Exploring Core Addiction Themes and Their Resolution in Recovery Narratives Using the “Life as a Film” (LAAF) Procedure

David Rowlands*, Donna Youngs, David Canter

*Corresponding author for this work

Research output: Contribution to journalArticlepeer-review


Though narrative studies have provided important insights on addiction and recovery, social desirability and self-protective factors may limit the richness and relevance of standard “life story” accounts. In marginalized populations, the “Life as Film” (LAAF) procedure has proved useful for addressing these concerns. Building on this literature, the present study adopted the LAAF approach with an objective to undercover features distinguishing addiction and recovery narratives. Achieving this objective serves to model addiction and recovery in terms of narrative constructions and reconstructions. Thirty-two participants, active or in recovery from addiction, were recruited, producing LAAF narratives of their lives. Interviewees completed a Recovery Inventory (RI), to compare narrative material with recovery outcomes. Content analysis revealed three structures: (1) a high prevalence Core Plot, featuring interpersonal conflict, negative arousal and self-management via substance use; (2) an Addiction Narrative, with themes of victimization, betrayal, compulsion, and escapist protagonists; and (3) a Recovery Narrative, with themes of redemption, self-mastery, caring, unity, and healer protagonists. Findings build on existing literature, suggesting narrative processes through which core conflicts become embedded in addiction stories and resolved in recovery stories. These processes indicate psychological pathways to positive change, carrying implications for interventions.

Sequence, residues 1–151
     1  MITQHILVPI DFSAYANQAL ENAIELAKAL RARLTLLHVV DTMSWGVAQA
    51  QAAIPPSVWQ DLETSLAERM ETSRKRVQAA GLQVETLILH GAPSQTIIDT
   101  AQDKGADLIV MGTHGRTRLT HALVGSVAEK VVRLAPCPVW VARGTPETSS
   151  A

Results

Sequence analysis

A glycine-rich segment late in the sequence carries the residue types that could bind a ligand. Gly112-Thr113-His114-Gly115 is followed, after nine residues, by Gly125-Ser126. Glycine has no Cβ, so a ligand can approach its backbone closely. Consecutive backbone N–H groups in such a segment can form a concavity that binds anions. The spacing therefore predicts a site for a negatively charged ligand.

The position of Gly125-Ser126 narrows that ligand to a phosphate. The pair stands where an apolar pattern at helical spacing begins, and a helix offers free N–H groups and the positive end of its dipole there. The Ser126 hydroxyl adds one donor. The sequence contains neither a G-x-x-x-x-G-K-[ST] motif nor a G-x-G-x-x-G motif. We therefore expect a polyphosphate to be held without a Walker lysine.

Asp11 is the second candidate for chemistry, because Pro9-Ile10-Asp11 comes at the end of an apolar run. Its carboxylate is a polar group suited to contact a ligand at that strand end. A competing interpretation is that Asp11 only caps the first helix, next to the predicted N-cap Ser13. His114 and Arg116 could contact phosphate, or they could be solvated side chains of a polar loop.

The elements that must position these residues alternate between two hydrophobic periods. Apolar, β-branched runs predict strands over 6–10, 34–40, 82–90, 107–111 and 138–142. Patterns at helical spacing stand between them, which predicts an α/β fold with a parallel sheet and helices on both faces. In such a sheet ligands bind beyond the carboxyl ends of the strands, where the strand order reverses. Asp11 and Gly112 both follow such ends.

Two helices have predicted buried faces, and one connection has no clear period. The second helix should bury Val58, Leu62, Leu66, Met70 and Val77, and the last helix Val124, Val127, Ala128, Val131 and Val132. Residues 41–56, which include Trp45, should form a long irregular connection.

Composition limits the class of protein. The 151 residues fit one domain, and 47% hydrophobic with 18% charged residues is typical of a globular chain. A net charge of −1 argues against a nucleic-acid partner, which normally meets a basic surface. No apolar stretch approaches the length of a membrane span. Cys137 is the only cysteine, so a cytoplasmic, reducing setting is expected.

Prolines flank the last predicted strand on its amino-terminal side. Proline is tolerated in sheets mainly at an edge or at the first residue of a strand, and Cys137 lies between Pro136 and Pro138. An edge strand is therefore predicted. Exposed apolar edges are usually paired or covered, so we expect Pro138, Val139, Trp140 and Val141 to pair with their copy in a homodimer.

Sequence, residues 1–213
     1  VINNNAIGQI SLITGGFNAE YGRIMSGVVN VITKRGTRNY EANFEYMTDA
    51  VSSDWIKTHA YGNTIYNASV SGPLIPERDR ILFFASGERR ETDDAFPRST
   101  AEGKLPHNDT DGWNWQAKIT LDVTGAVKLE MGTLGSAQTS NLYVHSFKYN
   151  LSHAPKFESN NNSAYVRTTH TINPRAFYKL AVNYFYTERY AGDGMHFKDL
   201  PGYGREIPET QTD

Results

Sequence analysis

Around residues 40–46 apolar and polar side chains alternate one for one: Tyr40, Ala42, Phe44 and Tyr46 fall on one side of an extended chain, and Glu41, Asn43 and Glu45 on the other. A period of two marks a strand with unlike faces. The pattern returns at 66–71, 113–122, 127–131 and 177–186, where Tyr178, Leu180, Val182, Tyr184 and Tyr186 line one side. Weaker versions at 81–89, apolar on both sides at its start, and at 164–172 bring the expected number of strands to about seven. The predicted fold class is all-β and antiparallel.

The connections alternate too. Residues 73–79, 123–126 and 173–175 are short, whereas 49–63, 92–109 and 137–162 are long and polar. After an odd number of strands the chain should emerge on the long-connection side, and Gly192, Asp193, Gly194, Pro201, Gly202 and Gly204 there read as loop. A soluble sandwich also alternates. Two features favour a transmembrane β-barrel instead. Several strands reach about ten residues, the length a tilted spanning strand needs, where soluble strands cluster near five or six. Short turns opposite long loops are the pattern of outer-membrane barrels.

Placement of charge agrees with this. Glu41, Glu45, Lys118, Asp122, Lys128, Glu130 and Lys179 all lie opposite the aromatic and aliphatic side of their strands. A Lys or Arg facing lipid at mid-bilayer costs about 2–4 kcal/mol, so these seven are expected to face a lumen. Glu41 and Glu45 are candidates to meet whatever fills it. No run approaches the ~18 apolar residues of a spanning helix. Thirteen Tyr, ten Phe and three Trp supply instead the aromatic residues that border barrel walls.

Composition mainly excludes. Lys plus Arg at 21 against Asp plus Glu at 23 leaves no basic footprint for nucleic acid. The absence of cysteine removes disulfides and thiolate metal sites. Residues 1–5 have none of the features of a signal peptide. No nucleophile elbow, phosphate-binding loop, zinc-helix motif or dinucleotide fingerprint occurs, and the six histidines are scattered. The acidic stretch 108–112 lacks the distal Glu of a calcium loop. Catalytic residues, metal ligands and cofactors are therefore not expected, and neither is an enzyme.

Original languageEnglish
Pages (from-to)1301-1327
Number of pages27
JournalJournal of Constructivist Psychology
Issue number4
Early online date30 Sept 2021
Publication statusPublished - 2 Oct 2022
Externally publishedYes

Cite this